Just days after the Supreme Court decided McCutcheon v. Federal Election Commission, which struck down aggregate limits on individual campaign contributions, U.S. Rep. John Sarbanes ’88 (D-Md.) delivered a keynote address at a Harvard Law School symposium on proposed legislation to reform campaign finance and dilute the influence of major donors.
On March 25, Ben Wizner, director of the ACLU Speech, Privacy & Technology Project, came to Harvard Law School to discuss his experience as Edward Snowden’s legal advisor at an event sponsored by the Harvard Journal of Law and Technology, Harvard National Security Law Association, Harvard Law School National Security Journal, Harvard Civil Rights-Civil Liberties Law Review, Unbound: Harvard Journal of the Legal Left, the HLS American Constitution Society and the HLS American Civil Liberties Union.
On April 19, Harvard Law School’s American Constitution Society sponsored “A Progressive Vision of National Security,” a lecture delivered by Former Wisconsin Senator Russ Feingold ’79. The only member of the Senate to vote against the PATRIOT Act in 2001 and one of 23 to vote against the Iraq war in 2002, Feingold recently authored “While America Sleeps,” a book that details his criticisms of American foreign policy since 9/11 and proposes a plan to correct the nation’s course.
At an event sponsored by the Harvard Law School American Constitution Society on October 18, Representative Barney Frank (D-MA) ’77 spoke about proposed legislation that would end the federal ban on marijuana, as well as the need for drug policy reform at the federal level and why marijuana policy is an issue better handled by the states.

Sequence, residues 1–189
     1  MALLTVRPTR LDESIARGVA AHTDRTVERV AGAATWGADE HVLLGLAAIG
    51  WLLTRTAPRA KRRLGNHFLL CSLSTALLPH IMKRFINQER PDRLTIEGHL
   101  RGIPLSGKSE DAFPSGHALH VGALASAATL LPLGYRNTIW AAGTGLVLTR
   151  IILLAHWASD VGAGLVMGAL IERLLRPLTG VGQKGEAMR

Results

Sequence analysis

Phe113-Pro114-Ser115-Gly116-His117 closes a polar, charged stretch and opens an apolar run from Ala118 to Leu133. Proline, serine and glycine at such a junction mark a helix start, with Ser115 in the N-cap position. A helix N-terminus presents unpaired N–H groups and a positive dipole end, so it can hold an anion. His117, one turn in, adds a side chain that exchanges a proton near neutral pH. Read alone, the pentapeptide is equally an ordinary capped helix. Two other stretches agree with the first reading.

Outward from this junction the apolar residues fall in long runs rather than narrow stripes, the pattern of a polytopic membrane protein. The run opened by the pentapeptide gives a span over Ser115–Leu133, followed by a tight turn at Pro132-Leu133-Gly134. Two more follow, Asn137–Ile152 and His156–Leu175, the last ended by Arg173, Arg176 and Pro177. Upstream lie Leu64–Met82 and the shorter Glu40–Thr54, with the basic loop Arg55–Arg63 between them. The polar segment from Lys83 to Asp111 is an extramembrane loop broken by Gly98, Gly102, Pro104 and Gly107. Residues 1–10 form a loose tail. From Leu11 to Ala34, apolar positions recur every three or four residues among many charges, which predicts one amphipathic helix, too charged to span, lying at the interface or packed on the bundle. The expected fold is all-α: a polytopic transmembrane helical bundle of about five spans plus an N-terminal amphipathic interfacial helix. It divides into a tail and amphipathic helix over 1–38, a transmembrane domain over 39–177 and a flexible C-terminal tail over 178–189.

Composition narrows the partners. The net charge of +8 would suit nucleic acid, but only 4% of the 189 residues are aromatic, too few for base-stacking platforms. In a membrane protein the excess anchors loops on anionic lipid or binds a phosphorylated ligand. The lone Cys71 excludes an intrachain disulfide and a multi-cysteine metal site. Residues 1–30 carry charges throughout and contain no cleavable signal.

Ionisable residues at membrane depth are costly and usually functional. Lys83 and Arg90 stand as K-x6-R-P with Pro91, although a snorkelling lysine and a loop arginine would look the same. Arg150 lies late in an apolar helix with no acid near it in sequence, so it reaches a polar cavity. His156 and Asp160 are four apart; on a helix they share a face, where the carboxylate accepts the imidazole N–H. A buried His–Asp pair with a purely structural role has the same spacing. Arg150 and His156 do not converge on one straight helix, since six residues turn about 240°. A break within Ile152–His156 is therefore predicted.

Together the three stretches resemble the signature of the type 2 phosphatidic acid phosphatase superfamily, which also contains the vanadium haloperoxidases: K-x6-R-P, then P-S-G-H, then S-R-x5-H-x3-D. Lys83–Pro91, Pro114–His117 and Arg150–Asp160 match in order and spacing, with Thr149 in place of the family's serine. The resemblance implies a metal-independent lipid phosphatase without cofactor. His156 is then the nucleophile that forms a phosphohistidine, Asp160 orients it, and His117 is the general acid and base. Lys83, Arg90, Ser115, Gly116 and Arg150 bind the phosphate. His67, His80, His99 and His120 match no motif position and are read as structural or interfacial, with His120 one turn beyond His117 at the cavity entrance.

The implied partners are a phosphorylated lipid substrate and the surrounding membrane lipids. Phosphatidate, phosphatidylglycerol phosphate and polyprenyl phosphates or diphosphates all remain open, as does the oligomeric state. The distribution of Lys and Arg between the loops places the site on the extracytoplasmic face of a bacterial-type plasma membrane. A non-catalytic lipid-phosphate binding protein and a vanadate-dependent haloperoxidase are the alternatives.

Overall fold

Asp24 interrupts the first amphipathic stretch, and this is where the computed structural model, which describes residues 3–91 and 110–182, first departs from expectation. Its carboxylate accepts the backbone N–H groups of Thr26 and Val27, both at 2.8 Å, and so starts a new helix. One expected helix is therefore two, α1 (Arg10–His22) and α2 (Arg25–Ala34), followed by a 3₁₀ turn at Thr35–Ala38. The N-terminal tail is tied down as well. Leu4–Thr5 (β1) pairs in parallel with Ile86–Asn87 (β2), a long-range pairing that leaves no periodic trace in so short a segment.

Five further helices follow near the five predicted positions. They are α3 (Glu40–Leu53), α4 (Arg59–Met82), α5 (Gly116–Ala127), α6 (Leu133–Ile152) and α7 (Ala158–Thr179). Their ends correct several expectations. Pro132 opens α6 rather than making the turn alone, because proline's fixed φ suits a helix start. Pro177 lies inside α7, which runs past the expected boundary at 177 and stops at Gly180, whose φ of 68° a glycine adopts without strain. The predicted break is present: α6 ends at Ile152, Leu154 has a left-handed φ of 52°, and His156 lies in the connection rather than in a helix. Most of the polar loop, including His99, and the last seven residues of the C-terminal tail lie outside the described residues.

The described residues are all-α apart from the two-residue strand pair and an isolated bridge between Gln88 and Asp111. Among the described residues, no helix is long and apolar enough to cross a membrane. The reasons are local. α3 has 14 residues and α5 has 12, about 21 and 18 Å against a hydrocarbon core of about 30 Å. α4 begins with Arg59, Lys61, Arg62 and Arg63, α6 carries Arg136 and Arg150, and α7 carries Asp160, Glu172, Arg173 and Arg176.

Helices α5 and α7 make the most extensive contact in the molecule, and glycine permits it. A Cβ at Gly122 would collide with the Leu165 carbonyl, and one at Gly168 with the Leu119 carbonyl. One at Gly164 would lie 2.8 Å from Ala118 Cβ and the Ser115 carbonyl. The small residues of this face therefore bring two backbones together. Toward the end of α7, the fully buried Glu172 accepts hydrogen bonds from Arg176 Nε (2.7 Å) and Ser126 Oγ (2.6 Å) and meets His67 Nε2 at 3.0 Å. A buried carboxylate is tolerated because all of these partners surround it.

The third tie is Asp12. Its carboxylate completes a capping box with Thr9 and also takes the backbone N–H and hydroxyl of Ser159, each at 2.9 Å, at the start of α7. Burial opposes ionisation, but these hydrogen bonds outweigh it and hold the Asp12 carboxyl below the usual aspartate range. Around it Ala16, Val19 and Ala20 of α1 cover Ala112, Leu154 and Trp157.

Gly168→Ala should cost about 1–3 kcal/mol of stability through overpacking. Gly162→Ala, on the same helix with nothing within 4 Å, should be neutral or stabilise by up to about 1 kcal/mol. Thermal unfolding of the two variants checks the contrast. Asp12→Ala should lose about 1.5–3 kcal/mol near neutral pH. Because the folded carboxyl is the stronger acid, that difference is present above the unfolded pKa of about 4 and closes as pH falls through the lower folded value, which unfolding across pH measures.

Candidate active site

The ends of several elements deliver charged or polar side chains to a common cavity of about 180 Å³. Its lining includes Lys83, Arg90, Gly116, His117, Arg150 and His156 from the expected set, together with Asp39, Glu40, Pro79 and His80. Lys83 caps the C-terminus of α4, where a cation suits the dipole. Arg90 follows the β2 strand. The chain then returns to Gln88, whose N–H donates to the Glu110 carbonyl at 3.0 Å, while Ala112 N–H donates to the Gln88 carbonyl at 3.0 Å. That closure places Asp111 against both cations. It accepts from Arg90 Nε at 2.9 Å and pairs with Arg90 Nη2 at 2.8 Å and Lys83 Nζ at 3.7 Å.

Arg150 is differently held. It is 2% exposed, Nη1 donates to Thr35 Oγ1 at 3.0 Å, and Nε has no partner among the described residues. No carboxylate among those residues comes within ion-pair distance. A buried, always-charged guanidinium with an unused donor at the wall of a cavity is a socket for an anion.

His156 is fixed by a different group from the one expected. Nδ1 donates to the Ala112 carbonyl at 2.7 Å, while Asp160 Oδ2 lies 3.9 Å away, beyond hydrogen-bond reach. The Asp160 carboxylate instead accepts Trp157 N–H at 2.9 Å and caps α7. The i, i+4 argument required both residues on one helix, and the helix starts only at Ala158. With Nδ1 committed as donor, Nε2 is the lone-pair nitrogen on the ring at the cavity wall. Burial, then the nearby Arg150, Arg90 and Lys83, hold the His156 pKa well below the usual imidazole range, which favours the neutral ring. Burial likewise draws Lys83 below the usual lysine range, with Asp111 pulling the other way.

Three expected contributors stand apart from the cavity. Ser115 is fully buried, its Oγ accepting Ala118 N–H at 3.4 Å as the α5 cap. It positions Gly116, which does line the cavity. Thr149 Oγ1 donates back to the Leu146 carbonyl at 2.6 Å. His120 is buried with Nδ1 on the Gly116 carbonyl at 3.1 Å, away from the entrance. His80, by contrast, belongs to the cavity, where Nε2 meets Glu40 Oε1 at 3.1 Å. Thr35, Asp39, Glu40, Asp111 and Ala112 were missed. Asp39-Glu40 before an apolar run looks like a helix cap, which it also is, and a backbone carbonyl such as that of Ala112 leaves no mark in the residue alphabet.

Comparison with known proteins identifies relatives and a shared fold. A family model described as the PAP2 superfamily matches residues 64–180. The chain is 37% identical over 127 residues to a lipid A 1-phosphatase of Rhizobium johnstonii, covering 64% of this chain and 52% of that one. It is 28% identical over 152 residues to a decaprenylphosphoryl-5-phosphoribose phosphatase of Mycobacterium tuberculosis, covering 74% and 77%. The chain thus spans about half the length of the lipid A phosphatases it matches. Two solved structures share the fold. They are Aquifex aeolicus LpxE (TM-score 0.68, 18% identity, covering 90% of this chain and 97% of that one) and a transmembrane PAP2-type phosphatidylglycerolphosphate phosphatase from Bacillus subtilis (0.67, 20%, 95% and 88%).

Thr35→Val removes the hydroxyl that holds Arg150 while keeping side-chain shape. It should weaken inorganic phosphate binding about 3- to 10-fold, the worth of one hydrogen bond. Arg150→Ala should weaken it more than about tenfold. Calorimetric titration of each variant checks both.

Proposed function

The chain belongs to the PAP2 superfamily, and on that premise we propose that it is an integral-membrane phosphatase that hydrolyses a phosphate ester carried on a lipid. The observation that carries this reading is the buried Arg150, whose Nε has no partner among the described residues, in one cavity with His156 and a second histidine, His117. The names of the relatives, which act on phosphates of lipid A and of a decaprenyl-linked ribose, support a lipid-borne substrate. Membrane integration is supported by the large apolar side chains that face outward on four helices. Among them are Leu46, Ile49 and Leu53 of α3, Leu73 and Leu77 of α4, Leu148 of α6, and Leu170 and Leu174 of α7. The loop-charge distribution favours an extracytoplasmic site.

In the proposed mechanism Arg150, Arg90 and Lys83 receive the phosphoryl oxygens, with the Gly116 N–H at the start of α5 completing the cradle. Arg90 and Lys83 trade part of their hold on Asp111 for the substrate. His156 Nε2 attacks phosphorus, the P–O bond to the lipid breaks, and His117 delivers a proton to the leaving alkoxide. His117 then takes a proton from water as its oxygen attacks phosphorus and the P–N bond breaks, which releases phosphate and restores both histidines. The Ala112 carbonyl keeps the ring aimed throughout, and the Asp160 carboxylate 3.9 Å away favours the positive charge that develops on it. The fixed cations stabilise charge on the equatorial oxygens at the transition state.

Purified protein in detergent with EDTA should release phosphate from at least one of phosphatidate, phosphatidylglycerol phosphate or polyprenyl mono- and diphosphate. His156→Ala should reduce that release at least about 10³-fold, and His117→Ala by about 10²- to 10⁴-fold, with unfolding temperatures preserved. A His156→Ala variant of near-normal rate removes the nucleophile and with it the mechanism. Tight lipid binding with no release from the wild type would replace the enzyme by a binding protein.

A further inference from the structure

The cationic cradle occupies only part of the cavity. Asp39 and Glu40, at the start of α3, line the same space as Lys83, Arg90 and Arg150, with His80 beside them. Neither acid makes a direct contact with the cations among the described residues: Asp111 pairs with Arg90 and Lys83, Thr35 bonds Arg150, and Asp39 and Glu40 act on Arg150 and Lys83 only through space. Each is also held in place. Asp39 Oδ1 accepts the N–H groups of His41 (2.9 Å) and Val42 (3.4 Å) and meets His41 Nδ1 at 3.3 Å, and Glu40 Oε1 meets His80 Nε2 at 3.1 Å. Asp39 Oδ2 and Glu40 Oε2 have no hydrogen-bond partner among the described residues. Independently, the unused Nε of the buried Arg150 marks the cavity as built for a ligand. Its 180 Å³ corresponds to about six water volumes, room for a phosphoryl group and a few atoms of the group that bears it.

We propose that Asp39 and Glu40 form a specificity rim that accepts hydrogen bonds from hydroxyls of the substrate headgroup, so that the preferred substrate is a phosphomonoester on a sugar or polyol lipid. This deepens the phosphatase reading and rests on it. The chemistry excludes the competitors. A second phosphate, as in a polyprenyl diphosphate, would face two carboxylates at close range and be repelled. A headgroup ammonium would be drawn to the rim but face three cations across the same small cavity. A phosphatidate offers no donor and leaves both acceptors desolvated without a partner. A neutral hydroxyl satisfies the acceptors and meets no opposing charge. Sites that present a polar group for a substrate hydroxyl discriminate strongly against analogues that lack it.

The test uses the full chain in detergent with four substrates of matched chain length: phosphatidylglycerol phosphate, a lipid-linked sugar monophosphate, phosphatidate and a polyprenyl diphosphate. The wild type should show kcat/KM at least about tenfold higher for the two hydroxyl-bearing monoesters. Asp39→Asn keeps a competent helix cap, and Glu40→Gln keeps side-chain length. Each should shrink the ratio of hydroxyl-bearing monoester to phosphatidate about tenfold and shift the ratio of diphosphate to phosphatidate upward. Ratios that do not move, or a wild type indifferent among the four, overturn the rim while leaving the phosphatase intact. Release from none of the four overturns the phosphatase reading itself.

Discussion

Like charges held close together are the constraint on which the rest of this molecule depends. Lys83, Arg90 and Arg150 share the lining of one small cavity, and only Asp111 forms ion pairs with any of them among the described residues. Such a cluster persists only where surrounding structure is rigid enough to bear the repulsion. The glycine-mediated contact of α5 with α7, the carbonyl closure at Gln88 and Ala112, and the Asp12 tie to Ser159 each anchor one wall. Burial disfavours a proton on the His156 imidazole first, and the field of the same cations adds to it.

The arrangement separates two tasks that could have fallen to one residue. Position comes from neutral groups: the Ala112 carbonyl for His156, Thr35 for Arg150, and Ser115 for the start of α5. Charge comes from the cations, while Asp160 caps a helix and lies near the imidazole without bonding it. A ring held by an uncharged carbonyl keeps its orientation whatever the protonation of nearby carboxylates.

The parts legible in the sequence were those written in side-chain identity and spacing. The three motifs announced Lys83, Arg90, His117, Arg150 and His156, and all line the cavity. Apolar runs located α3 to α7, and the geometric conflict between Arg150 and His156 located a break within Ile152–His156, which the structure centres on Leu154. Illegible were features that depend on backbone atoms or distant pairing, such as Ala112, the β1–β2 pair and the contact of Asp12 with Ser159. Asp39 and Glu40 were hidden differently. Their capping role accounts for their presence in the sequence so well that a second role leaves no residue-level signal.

At “Challenging and Litigating DOMA’s Constitutionality”— an event that was co-sponsored by the Harvard Law School American Constitution Society, Lambda, and the Civil Rights-Civil Liberties Law Journal—Mary Bonauto, the Civil Rights Project Director at Gay & Lesbian Advocates & Defenders (GLAD), spoke about litigating the Defense of Marriage Act in federal courts in the wake of the Department of Justice’s recent decision to stop defending the law.
The history of the death penalty in America has been racially inflected, yet the death penalty reforms and regulations that have taken place over the past 40 years have given very little mention to race. That was the core message delivered by Harvard Law School professor Carol Steiker in a talk sponsored by the Harvard Law School American Constitutional Society.
The American Constitution Society of HLS sponsored “The Constitution in 2020,” a panel discussion in November featuring Harvard Law School Professors Yochai Benkler ’94, Frank Michelman ’60, Mark Tushnet, and Noah Feldman, all contributors to a recently published book of the same title. The book’s goal is to contest the conservative idea that constitutional law should not be influenced by contemporary understandings of law and the political landscape.